"The choice of Summers would also be the clearest signal yet that Obama feels that he did what needed to be done to deal with the financial crisis, and that financial reform is, for the rest of his presidency, going to be a very low priority. Summers is a deregulator in his bones; he didn’t like the consumer-friendly parts of Dodd-Frank, and his actions have nearly always erred on the side of being far too friendly to Wall Street. (....) [T]here is no chance whatsoever that he would take a robust leadership role with respect to the Fed’s other big job, which is regulation. If you want to repeat all of the Clinton-era mistakes of financial regulation, you can’t do better than appointing Clinton’s very own Treasury secretary".
At this point in time, the ability of any Fed Chairman to ease monetary policy further is likely to be limited. Apart from avoiding a Fed Chairman who outright would want to tighten money a.s.a.p, the last thing we need is a Fed Chairman who believes that banks can do no wrong and don't need to be supervised much.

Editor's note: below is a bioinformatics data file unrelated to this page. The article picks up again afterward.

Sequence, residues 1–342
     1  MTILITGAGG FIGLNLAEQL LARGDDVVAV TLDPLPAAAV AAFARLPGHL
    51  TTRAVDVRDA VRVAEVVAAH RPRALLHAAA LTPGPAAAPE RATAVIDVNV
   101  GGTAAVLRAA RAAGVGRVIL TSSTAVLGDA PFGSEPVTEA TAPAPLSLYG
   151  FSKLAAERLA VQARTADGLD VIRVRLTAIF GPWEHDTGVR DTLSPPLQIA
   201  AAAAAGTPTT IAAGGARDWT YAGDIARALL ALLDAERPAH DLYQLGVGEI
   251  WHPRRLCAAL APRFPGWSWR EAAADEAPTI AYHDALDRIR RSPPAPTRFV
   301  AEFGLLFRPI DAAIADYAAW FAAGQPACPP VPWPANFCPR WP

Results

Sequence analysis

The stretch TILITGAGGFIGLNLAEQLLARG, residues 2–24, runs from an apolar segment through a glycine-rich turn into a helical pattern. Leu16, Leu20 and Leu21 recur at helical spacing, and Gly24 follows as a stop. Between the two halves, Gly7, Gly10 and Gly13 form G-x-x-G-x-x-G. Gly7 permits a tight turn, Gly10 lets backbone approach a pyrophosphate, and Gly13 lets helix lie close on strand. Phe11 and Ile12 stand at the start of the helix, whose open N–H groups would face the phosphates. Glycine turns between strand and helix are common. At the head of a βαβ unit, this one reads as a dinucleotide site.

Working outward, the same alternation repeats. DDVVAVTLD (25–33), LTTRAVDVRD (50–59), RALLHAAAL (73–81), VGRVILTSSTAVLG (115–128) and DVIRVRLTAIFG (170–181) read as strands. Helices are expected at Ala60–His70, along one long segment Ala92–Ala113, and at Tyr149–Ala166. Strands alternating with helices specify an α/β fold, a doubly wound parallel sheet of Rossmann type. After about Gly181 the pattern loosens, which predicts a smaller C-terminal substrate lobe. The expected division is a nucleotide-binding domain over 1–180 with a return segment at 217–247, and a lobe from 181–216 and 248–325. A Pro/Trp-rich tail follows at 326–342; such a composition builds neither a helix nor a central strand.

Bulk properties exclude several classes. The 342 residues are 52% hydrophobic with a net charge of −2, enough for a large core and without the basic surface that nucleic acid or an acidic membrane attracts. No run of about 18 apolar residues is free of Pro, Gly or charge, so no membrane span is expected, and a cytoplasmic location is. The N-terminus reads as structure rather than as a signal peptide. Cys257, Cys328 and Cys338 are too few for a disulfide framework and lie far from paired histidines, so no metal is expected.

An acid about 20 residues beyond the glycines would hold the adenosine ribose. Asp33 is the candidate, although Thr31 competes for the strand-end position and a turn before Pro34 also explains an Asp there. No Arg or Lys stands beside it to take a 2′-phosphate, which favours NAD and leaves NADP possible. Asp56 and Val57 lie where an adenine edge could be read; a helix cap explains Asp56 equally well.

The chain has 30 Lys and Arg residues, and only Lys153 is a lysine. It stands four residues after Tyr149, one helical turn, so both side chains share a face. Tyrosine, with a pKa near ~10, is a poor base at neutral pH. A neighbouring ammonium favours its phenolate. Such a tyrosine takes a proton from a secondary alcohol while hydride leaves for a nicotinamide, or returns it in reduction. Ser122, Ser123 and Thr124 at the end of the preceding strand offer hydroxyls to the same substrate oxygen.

We've already had Greenspan pathetically admitting that "he had found a flaw in the model that he perceived is the critical functioning structure that defines how the world works"... 
And, as pathetic as it might be, Greenspan , at least, admitted to being wrong. Did Larry Summers even come close to admitting as much for his role in the genesis of this crisis? I don't think so...


  1. "Possibly too attached to present-day policies i.e. she'd follow Ben Bernanke's footsteps and, if you'd like to see greater easing (or less?), she might disappoint you."

    Based on Yellen's speeches in April, June and November of 2012, in which she discussed Optimal Control Policy, it's almost a certainty that she will push for a more expansionary policy than Bernanke. Optimal Control Policy would effectively lead to the Fed fulfilling its triple mandate (inflation, employment and interest) with greater speed.

    Bernanke is far more patient. This is why in dove-hawk scales Yellen is typically considered an extreme dove and Bernanke a centrist.

    1. Fair enough, you seem to have done your homework better than I did on Yellen.

      We can indeed hope she'll push for a more expansionary policy and/or for new tools to be used.

      OTOH, if I had said that, I'd really would have had no 'cons' whatsoever when it comes to her being the Fed Chairman...